On 11 April 2019, the FDA approved single-agent pembrolizumab (Keytruda®, Merck) for the first-line treatment of stage III/IV non-small cell lung cancer (NSCLC) patients with a PD-L1 Tumor Proportion Score (TPS) ≥1% who are not amenable to surgical resection or definitive chemoradiation and who have no known EGFR or ALK genomic aberrations.
On 26 November 2018, the FDA granted accelerated approval to the first-in-class tropomyosin receptor-kinase (TRK) inhibitor larotrectinib (Vitrakvi®, Loxo Oncology/Bayer) for the treatment of adult and paediatric patients with solid tumours that are metastatic or not amenable to surgery, harbour the neurotrophic receptor tyrosine kinase (NTRK) gene fusion in the absence of known acquired resistance mutations, and whose cancer progressed following treatment or for whom are no satisfactory other treatment options available.
- On June 13, 2018, the FDA approved bevacizumab (AvastinⓇ, Genentech, Inc.) in combination with carboplatin and paclitaxel, followed by single-agent bevacizumab for use after surgical resection in patients with stage III or IV epithelial ovarian, fallopian tube, or primary peritoneal cancer.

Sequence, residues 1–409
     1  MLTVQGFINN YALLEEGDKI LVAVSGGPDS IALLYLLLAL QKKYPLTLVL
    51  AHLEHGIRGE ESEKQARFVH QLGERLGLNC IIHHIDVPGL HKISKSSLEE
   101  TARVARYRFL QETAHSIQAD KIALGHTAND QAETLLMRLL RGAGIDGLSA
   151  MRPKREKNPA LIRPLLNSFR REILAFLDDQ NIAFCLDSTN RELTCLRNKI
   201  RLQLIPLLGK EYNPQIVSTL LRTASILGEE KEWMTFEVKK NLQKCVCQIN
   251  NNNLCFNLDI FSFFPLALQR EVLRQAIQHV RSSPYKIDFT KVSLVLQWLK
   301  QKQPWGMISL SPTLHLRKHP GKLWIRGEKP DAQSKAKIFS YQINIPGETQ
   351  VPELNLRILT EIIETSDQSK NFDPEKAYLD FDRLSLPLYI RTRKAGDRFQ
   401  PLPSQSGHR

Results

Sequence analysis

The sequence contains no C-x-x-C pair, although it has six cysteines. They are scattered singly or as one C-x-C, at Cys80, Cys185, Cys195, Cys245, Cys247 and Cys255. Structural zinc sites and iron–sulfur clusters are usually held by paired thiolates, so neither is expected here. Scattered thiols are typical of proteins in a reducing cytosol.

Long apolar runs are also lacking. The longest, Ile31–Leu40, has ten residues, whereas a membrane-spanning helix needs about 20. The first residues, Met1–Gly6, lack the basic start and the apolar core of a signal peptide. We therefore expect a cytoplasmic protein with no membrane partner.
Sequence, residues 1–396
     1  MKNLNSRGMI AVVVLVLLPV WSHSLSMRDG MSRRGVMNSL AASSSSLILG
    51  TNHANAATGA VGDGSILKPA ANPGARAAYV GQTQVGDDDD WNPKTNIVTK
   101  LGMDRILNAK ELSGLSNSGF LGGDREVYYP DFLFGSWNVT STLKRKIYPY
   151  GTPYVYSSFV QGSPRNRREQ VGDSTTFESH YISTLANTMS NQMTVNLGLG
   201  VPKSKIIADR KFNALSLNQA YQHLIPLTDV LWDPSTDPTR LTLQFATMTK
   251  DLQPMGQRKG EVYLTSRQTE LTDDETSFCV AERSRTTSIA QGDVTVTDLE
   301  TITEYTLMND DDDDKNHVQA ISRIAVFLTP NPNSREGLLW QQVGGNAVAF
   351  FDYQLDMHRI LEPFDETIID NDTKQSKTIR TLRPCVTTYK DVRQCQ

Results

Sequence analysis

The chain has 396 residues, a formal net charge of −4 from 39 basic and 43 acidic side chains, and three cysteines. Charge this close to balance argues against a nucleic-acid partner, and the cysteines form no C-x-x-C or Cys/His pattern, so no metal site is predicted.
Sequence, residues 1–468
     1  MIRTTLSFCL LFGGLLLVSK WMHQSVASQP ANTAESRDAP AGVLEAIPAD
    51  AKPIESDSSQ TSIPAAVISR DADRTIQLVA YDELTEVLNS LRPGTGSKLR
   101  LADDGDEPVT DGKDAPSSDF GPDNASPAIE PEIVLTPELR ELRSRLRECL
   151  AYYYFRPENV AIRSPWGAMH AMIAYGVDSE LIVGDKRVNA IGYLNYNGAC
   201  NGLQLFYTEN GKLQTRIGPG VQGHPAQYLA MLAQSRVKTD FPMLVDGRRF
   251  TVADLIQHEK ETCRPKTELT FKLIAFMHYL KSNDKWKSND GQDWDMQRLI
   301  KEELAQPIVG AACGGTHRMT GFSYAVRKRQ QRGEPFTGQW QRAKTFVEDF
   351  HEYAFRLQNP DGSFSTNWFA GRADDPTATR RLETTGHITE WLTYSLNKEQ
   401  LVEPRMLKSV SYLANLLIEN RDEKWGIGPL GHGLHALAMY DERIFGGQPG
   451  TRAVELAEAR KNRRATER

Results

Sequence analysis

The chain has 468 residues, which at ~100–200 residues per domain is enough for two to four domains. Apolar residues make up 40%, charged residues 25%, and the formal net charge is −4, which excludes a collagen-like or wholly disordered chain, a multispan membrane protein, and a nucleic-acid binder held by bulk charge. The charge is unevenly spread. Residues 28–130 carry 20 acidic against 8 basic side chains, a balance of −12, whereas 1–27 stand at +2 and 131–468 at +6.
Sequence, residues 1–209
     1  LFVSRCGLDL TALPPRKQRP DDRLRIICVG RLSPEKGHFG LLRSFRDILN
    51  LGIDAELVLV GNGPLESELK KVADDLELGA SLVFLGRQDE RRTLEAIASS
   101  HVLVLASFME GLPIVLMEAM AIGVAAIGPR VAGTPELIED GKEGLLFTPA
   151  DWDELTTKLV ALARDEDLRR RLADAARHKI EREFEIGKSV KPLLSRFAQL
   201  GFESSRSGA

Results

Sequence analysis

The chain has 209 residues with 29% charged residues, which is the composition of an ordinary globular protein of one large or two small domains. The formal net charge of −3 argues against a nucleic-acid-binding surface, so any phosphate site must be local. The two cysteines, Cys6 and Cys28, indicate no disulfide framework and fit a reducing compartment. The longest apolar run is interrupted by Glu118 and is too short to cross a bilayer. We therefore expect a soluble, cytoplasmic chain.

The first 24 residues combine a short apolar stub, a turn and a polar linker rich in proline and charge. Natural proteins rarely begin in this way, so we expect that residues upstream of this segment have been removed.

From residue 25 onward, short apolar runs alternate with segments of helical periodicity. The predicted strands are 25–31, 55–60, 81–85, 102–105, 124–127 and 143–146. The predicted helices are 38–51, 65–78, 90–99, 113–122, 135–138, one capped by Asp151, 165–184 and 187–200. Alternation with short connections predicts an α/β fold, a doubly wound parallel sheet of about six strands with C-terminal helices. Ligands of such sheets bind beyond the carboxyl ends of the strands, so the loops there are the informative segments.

The FDA granted regular approval to dabrafenib (Tafinlar®, Novartis) and trametinib (Mekinist®, Novartis) in combination for the adjuvant treatment of patients with melanoma with BRAF V600E or V600K mutations, as detected by an FDA-approved test, and involvement of lymph node(s), following complete resection.
Recent studies have shown new possible applications for Ki67. Huh et al. showed that low Ki67 levels in healthy breast tissue correlated with a lesser lifetime chance of breast cancer. Another study by Arnedos and colleagues concluded that palbociclib was able to invoke a significant Ki67-level drop. After a decade of Ki67-controversies, these results put the marker back in the spotlight.